If for no other reason than artistic license, I’m inclined to side with those who see Sarracenia leucophylla (white-topped pitcher plant) as today’s equivalent of William Bartram’s Saracinia lacunosa, rather than those who thought that Bartram was describing Sarracenia minor (hooded pitcher plant). After all, the range of S. minor doesn’t reach the environs of Pensacola where Bartram described the plant in the 1770's; Pensacola is firmly within the range of S. leucophylla. Either way, I propose that this scene captures something of the experience he had long ago in an unknown wet savanna of the Gulf Coast. This painting is a composite: the background reflects the openness of the Grand Bay Savanna west of Mobile Bay; the white-topped pitcher plants in the foreground are residents of the Alabama Nature Conservancy’s Splinter Hill Bog preserve, about 60 miles northwest of Pensacola. When I arrived at the bog late one evening in August 2009, I was dazzled by my first view of this spectacular carnivore, particularly by the way the light from the evening sky seemed to be caught in the glowing throats of the plants, giving them an unworldly aura. *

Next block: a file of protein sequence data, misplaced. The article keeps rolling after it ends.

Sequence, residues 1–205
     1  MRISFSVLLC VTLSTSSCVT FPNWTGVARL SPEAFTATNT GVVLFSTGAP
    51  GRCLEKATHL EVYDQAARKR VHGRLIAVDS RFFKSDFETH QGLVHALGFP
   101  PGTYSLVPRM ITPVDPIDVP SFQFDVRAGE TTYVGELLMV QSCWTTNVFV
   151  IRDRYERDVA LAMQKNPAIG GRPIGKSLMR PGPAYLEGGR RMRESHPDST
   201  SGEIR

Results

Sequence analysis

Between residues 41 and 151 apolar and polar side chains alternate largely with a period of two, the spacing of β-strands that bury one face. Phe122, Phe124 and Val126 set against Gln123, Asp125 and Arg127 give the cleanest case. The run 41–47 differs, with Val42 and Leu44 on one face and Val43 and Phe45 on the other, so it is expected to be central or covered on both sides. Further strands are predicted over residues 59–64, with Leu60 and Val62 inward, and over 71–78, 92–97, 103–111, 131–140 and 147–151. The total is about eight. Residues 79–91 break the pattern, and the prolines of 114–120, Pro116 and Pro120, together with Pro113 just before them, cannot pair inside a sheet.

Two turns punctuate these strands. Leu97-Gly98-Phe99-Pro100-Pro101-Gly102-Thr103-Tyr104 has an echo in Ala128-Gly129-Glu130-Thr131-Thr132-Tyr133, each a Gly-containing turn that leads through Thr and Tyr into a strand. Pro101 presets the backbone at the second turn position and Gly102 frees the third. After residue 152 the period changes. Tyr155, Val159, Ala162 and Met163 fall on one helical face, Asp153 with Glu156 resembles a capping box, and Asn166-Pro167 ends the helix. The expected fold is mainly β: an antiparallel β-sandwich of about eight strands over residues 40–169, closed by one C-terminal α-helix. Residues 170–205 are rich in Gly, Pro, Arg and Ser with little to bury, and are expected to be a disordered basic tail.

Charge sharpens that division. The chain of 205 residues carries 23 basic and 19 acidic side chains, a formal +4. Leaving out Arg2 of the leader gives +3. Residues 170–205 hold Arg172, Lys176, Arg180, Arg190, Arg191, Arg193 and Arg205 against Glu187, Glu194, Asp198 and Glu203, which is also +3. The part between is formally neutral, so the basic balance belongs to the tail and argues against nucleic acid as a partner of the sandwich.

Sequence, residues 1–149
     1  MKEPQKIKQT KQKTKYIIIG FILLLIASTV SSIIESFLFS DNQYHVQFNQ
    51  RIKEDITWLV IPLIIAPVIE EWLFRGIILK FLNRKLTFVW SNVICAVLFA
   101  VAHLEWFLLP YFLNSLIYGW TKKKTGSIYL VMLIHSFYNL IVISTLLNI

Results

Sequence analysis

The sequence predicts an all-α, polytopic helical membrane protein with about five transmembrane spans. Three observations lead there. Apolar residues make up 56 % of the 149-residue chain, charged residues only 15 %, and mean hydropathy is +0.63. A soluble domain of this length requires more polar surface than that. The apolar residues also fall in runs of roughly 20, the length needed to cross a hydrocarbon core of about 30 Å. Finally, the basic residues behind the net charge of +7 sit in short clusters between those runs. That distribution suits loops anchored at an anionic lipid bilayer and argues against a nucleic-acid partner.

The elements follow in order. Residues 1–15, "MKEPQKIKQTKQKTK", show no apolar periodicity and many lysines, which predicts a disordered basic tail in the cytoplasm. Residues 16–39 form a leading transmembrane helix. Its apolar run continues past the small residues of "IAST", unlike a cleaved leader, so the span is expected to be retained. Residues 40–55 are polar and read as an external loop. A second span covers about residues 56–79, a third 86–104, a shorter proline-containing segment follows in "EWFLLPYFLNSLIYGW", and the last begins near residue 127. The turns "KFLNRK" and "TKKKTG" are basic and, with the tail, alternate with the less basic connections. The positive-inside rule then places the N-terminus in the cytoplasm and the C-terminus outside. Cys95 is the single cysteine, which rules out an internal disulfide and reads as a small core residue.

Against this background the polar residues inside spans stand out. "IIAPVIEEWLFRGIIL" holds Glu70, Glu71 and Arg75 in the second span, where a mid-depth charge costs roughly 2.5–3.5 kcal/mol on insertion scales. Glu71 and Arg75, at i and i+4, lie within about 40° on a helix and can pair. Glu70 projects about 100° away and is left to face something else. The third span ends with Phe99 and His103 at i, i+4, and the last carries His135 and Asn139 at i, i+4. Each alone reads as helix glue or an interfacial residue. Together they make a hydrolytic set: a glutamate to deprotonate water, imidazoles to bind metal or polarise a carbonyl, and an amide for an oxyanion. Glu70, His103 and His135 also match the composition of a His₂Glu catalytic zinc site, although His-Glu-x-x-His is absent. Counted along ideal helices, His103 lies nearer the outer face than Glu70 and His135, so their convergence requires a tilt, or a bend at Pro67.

Visit the the Alabama Nature Conservancy's Splinter Hill Bog Preserve.
* This is an excerpt from Philip's essay appearing in: Bartram’s Living Legacy: Travels and the Nature of the South